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An Interview with Kevin Bentley
Author of Wild Animals I Have Known

D.O.C.: Lust LettersKevin Bentley's creative nonfiction has appeared in the James White Review, ZYZZYVA, Diseased Pariah News, on-line in www.belief.net, and in Flesh & the Word 4 and 5, His 2, and Bar Stories.

He wrote the text for The Naked Heartland: The Itinerant Photographs of Bruce of LA., and is the author of Sailor: Vintage Photos of a Masculine Icon and editor of Afterwords: Real Sex from Gay Men's Diaries.

How did this book come about?

I've kept a diary since I was 19. Last year I put together a book of gay men's diary entries for Alyson, Afterwords: Real Sex from Gay Men's Diaries, and in going through my own diaries and flagging passages to decide what entry of my own I wanted to use in the anthology, I realized how many good entries I had to choose from, and what a coherent, funny narrative they could make. So when I'd turned in the other book, I began selecting, typing in, and editing passages from the twenty composition books I've filled since moving to San Francisco in 1977 when I was 21, and about six months later, I had a manuscript to work with. In addition, as part of the searching I did for material for the anthology, I read the diaries of several gay men, now deceased, in the archives of the Gay Lesbian Transgender Historical Society in San Francisco—and I was struck by, frankly, how much better mine were. I also realized that it made more sense for me to edit them into an entertaining book myself than to vaguely imagine that some part of them might see print someday when I'm dead.

Why would the diaries of a non-celebrity be interesting to readers?

This is the same sort of material I've turned into shorter creative nonfiction pieces for Flesh and the Word anthologies and so on, and people have seemed to like those. Because they cover a memorable time and place—gay San Francisco in the late '70s and '80s—and are edited down to the most interesting narrative, leaving out the kind of tiresome personal soul-searching characteristic of young people's diaries, it's my hope that they succeed as a story. The book takes place in an era and a place of which you might say, "If you can remember it, you weren't there"—but I was there, to a degree, and I usually made notes the next day. The gay dream—any young person's dream—of fleeing your humdrum hometown and heading to SF, LA or New York is a perennially appealing story, I think. And then sex and drugs are always interesting to some people. One thread running through the book is a sort of Boyfriends from Hell theme—and everybody can relate to that.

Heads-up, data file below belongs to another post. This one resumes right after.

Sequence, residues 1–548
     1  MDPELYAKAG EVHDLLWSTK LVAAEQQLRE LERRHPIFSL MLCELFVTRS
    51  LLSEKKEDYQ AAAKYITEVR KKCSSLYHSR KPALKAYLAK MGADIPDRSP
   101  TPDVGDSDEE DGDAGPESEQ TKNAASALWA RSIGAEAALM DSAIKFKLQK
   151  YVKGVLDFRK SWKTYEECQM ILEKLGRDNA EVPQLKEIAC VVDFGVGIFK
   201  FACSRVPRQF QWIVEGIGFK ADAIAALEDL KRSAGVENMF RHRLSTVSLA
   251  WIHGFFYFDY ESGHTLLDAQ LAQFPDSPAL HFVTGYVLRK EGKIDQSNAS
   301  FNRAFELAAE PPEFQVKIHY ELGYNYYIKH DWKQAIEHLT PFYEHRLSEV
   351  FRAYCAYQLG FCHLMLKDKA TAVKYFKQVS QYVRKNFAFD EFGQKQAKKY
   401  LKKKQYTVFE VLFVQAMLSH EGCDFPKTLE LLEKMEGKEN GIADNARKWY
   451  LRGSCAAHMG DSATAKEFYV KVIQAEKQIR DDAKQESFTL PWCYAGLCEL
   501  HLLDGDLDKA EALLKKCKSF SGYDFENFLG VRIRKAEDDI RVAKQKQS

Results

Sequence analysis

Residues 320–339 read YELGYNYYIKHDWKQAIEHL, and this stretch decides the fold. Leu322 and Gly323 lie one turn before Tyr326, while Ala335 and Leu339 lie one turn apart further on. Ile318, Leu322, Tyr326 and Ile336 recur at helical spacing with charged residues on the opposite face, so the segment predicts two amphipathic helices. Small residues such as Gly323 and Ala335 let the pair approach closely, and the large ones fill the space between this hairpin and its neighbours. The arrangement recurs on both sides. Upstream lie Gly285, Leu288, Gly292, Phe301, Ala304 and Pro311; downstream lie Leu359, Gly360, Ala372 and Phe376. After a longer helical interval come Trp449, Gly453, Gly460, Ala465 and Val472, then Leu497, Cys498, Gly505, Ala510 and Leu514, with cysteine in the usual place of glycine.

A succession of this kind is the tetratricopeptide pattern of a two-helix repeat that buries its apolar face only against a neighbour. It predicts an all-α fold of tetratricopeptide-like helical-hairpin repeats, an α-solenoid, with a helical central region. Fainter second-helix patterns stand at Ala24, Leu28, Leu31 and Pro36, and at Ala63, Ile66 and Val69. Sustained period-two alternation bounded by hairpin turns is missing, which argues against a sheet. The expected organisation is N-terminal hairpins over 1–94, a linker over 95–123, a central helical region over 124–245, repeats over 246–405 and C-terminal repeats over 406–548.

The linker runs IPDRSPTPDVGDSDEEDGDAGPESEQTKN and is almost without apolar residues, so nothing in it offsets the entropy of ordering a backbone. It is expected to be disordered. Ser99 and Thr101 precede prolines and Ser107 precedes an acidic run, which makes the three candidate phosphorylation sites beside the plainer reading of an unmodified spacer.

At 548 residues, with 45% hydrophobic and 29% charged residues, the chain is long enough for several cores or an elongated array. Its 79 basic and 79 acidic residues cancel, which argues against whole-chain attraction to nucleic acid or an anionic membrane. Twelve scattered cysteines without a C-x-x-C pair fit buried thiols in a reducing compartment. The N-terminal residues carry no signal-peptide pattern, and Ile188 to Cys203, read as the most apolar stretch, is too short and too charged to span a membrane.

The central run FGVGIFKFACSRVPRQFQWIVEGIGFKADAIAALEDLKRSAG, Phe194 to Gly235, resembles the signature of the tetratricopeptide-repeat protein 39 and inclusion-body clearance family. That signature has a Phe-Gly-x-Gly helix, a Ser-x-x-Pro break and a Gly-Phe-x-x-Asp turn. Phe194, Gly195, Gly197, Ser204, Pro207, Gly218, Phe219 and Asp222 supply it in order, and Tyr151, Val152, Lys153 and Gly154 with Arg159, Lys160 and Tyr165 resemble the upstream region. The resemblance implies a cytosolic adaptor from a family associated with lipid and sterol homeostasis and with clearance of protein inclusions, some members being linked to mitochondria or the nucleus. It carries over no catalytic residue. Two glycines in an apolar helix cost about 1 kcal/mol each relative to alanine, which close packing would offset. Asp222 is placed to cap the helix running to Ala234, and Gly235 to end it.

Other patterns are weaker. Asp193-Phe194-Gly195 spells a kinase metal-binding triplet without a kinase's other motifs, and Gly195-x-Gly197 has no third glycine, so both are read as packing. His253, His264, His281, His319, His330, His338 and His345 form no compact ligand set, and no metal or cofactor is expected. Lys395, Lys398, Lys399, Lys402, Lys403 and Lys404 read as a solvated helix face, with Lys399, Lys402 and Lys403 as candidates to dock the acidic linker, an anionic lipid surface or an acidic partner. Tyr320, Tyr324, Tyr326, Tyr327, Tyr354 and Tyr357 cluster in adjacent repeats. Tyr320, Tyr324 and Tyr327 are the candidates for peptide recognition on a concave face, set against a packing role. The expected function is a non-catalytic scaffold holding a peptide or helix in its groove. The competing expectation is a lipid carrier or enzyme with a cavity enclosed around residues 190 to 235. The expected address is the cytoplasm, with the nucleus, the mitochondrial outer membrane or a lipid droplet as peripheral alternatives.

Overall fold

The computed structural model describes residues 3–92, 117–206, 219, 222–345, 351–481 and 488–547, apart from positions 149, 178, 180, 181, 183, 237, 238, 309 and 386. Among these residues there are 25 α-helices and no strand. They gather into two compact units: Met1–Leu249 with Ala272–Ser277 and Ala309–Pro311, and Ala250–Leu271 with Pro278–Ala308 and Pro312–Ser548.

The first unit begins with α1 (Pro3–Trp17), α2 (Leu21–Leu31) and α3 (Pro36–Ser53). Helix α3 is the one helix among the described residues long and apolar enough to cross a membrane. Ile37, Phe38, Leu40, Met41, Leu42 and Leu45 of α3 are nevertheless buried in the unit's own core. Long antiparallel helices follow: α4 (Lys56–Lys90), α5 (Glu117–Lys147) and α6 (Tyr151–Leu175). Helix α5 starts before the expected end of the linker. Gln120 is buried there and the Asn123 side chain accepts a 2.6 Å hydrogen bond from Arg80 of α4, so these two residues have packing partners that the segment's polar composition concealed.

Did the people you mention in your diary have any idea that you would ultimately write a book about them and your experiences?

There's a funny bit of recorded dialogue in the book where a departing boyfriend warns me, "You better not be writing all this down in your little diary." Obviously, he was right to worry. No gay man my age (46) will have any trouble understanding that many of the men I write about in Wild Animals are dead. Others have simply fallen off the radar. I've changed names and some details to avoid identifying anyone who might still be living. People put these kinds of relationships into their creative nonfiction all the time and just sort of fudge the story/memoir tag. This doesn't feel any different to me. It's true, but it's a kind of story now too. And then there are longtime friends who don't object to appearing under their own names.

Did everything you wrote about in Wild Animals I Have Known really happen?

Yes. And of course plenty more happened that I neglected to write down; that's always a disappointment, when you go back looking for a really great incident you remember, and there's no record of that day or week. But most of the time, I did write it down.

Don't you know the meaning of the word discretion?

No. I started keeping a diary when I began having sex with men at 18; I've always written about the sex I was having. And remember, this book began with a search for erotic passages for a specifically erotic anthology. I've long been a fan of those great Maurice Girodias Olympia Readers, with their frank, realistic, Beat Era sex memoirs; I aspire to that. Those writers used pseudonyms, but I didn't see how I could do that with my book and make the claim that these were real diaries.

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